Gottingen, Germany

By Taylor, Nicole Estvanik | American Theatre, February 2011 | Go to article overview

Gottingen, Germany


Taylor, Nicole Estvanik, American Theatre


Gottingen, Germany

GOTTINGER FIGURENTHEATERTAGEN: Among the 17 (mostly German) puppet theatres at this 26-year-old festival will be Dorncrei Theater of Neustadt and Nuremberg's Fantasie Theater, combining forces to stage Melodien mit Marionetten, in which puppets perform music ranging from Puccini to Andrew Lloyd Webber to 1920s popular ditties. In a similarly entertaining vein, Ambrella Figurentheater of Hamburg's Heute: Genoveva traces and celebrates the history of the 19th-century traveling puppeteer in Germany. That company also puts on its version of the familiar tale of the Country Mouse and the City Mouse--but where Aesop cast the titular rodents as cousins who couldn't see eye to eye, artists Heike Klockmeier, Dietmar Staskowiak, Jurgen Maafien and Kristiane Balsevicius have envisioned them as an opposites-attract married couple.

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Figurentheater Marmelock of Hannover presents a stylized marionette version of Sneewittchen (Snow White) and Dorftheater Siemitz injects circus hijinks into Die drei kleinen Schweinchen (Three Little Pigs). Hannover's Filou Fox Figurentheater draws on the adventures of Tom Sawyer and Huck Finn. Figurentheater Gingganz of Meensen spins a yarn from of the age-old question "Which came first, the chicken or the egg?" (In this case, it's an existentially unsettled hen who wants to know.) Speaking of birds, Keiner Vogel,flieg (Little Bird, Fly) by Theater Laku Paka of Kaufungen depicts a fledgling whose bravery and wits make up for his underdeveloped wings. And, speaking of existentialism, Thalias Kompagnons of Nuremberg has adapted Kafka's Das Schloss (The Castle).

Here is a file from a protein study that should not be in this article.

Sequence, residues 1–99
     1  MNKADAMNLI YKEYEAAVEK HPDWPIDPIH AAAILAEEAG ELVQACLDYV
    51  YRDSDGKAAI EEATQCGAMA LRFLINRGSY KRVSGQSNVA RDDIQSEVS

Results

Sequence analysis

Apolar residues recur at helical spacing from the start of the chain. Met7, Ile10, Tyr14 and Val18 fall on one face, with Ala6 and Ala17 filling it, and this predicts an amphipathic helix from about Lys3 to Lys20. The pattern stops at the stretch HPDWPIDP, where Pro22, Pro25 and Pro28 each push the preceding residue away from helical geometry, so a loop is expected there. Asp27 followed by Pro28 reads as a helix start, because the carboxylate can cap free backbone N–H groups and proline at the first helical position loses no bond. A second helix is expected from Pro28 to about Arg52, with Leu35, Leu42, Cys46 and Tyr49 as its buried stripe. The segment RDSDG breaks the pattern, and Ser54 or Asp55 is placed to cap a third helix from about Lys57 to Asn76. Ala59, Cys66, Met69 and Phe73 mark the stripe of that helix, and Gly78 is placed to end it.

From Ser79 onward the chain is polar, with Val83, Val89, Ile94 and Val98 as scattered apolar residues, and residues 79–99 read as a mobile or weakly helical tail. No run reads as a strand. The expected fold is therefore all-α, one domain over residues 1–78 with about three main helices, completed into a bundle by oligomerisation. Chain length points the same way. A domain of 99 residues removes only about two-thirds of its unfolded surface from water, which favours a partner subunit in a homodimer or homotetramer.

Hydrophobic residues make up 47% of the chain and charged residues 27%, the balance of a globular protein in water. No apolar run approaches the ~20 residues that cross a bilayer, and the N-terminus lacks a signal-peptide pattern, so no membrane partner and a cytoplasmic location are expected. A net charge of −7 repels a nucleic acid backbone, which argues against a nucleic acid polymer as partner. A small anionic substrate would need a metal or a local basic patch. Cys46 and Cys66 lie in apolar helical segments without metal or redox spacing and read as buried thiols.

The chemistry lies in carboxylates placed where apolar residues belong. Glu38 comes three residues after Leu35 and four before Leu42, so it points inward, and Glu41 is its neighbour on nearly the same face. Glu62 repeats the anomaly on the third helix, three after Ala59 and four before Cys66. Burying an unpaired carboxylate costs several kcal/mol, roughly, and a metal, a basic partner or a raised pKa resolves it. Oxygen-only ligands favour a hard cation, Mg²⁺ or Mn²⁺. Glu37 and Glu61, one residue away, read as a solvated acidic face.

Winning the prize, perhaps, for darkest show of the festival is Australian puppeteer Neville Tranter's Amsterdam-based Stuffed Puppet Theatre, with Schicklgruber, alias Adolf Hitler--in which the knowledge of impending Nazi downfall hangs over the forced merriment at the Fuhrer's 50th-birthday celebration, held in a claustrophobic bunker. (Feb. 5-20; (49) 0551-400-2475; www.figurentheatertaqe.goettingen.de)

Markala, Mali

FESMAMAS: Since 1993, this annual festival of masks and marionettes has drawn together tourists and locals for three days each year in Markala--making it the oldest active festival in Mali. While celebrating the country's cultural traditions and increasing tourist interest in the area, the event has also managed to address tough social issues. This year, the theme around which it seeks to mobilize participants and audiences is street children. Much of the program--from masks symbolizing youth and childhood, to marionette plays that touch on poverty, human trafficking and forced labor, to a panel discussion that includes a UNICEF representative and delegates from several government ministries--will keep the emphasis firmly on the youngest and most needy members of Malian society. (Mar. 3-6; (223) 66-89-85-71; http:// fesmamas.org)

Madrid, Spain

ESCENA CONTEMPORANEA: Now in its second decade, this innovation-obsessed event presents Marcelo Diaz's staging of Mariano Llorente's Transit, the first production to emerge from Sala Cuarta Pared of Madrid's ETC (Espacio Teatro Contemporaneo) experimental development lab. Also, in Photo-Romance, Lebanese artists Lina Saneh and Rabih Mroue shift between their own identities and fictional ones while they discuss (without ever mentioning the source by name) the thorny prospect of adapting the 1977 Sophia Loren/Marcello Mastroianni film Una giornata particolare by setting it in 21st-century Beirut. (Saneh's video I Had a Dream, Mom also appears on the festival program. …

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